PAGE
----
Off into the Pacific Ocean, I could see the string of ships lined up to pass through the Panama Canal. From my window, I could count 14 huge container ships lined up like people waiting to check out at the grocery store. The absence of electricity in the city had no effect on them. 

Many of the ships carry over 6,000 containers and pay more than US$200,000 each to pass through the canal. Five of these big guys pay out a million dollars.

From somewhere I could hear a powerful generator starting up. At first, I assumed the building had a backup system, and that we’d soon have lights, but the generator, or whatever it was, chugged on and on without illuminating anything I could see no matter which direction I looked.

Some private homes have inverters, which charge up batteries when the electricity is on and automatically reverse and provide power to selected outlets around the house when needed. This is so refrigerators and freezers won’t be off for an extended period of time, and stored food won’t be ruined to waste. Our house does not have this system. 

My computer was still on, showing I had several hours of battery power to use, but the Wi-Fi connection was down with the lights, so I closed the top down, concluding my work for the night.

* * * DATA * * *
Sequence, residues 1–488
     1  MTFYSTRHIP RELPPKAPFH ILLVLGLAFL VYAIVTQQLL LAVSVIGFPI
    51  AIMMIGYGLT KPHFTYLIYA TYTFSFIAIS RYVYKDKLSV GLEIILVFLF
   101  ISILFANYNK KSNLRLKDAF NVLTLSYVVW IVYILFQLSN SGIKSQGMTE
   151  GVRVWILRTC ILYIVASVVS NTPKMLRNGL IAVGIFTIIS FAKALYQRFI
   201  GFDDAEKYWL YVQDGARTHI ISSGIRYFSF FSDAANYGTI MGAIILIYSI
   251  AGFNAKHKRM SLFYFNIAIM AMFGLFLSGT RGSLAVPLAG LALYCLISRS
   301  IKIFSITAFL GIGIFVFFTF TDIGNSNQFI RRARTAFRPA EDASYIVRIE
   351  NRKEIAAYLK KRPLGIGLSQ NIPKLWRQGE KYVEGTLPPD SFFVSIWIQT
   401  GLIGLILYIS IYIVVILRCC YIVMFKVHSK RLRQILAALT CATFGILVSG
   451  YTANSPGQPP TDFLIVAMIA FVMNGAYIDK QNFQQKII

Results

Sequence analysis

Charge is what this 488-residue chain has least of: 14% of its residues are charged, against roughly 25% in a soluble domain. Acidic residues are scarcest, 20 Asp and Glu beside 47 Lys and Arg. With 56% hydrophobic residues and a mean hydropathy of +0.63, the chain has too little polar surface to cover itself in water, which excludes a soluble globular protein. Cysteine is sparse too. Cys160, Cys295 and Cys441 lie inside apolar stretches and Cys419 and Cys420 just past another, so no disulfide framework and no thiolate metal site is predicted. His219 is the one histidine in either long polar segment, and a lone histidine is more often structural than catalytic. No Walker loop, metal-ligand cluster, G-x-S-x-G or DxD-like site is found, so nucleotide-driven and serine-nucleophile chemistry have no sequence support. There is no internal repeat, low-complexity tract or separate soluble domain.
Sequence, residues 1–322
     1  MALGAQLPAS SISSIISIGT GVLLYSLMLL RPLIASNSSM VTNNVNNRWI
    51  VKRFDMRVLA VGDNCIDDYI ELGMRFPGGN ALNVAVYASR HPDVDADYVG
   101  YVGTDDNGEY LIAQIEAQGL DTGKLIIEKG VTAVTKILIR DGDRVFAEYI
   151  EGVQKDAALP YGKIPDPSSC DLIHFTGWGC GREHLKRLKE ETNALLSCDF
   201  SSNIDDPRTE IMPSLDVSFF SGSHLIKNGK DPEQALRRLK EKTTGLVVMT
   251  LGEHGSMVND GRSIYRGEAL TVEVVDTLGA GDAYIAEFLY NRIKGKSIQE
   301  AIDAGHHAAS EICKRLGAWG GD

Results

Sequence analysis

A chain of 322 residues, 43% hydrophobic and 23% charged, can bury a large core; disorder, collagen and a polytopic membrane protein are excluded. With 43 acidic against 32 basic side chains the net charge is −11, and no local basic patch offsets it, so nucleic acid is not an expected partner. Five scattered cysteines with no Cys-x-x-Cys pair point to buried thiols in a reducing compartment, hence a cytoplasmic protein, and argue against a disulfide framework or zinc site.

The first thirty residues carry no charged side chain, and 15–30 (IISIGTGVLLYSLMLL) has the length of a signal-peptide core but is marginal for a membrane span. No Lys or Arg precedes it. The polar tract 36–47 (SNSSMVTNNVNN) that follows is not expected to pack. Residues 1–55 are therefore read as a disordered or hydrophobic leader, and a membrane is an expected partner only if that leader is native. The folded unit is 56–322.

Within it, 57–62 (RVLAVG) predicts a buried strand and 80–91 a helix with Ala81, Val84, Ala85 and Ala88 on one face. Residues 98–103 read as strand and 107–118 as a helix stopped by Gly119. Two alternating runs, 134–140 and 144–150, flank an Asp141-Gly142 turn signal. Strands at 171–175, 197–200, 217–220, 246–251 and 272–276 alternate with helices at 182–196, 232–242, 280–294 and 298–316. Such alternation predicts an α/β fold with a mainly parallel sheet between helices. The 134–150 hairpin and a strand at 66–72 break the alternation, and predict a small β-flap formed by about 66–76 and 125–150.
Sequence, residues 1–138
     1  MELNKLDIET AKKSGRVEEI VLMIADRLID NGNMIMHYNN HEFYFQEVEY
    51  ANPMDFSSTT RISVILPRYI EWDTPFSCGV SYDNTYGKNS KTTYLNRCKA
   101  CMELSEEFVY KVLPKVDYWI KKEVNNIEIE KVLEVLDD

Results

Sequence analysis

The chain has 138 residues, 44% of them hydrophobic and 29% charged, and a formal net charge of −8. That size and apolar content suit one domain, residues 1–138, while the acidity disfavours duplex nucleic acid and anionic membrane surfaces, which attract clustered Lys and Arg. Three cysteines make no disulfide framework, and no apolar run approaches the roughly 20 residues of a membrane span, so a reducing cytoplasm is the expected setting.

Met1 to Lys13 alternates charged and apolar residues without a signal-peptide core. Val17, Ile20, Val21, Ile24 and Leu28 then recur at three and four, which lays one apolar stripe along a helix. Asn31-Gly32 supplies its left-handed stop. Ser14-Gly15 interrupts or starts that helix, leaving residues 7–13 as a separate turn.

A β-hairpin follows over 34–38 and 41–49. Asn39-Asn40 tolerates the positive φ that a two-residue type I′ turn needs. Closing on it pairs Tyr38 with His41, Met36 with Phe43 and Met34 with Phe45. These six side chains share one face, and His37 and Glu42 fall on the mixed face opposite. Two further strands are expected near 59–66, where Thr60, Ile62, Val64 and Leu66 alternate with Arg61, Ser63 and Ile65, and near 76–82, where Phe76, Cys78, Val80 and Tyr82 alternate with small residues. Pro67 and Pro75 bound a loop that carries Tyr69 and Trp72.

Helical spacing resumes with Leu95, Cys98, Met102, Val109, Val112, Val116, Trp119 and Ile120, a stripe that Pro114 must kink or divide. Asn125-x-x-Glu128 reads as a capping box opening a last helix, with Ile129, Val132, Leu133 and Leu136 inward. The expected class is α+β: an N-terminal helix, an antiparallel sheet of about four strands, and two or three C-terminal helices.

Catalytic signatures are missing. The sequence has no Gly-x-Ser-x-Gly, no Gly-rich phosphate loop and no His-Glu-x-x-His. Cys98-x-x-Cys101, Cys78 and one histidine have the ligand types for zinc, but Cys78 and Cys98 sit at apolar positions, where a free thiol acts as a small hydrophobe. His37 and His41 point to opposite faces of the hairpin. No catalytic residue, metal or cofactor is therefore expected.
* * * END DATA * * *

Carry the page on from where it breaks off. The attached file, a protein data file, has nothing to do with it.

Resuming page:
I took my tablet and headed for bed. I had just bought three books from Barnes and Noble, so I read until I fell asleep. Around midnight I awoke and realized that the city lights were blazing all around, the various buildings lit up as usual… The four bank signs were once again illuminated, as was the Office Depot sign a few blocks away, and the car dealership I can see from my window.

Now, in the light of day, I can appreciate the things that modern civilization has given to us. Even if “se fue la luz,” it isn’t a disaster—just a part of life in this tropical paradise. 

Deryl Fisher
Panama Insider

The Day The Big One Hit

On Saturday, July 1, an issue occurred in Panama that was so huge it actually affected Costa Rica and even Nicaragua and El Salvador—one newspaper claimed small areas in Mexico were also affected. 

Just after 1 p.m., interrupting an address to the nation by President Juan Carlos Varela at the National Assembly, a 500-megawatt surge caused all of the country’s generators to fail, leaving millions across Panama and beyond without power. 

The power surge was so strong that Panama’s regulatory mechanisms could not kick in. This is the fourth major blackout that has occurred in the country so far this year. 

“The power cut happened due to an incident in El Coco in Penonomé,” said ETESA, the country’s power transmission company. 

Homes and businesses were hit, of course, as were traffic signals (causing chaos on the streets), the city’s metro system, and water plants that use electricity in order to function. Water supply was interrupted everywhere except Colón. 

Power was eventually reestablished in Panama by 6 p.m. that same day. 

Bring on the solar power!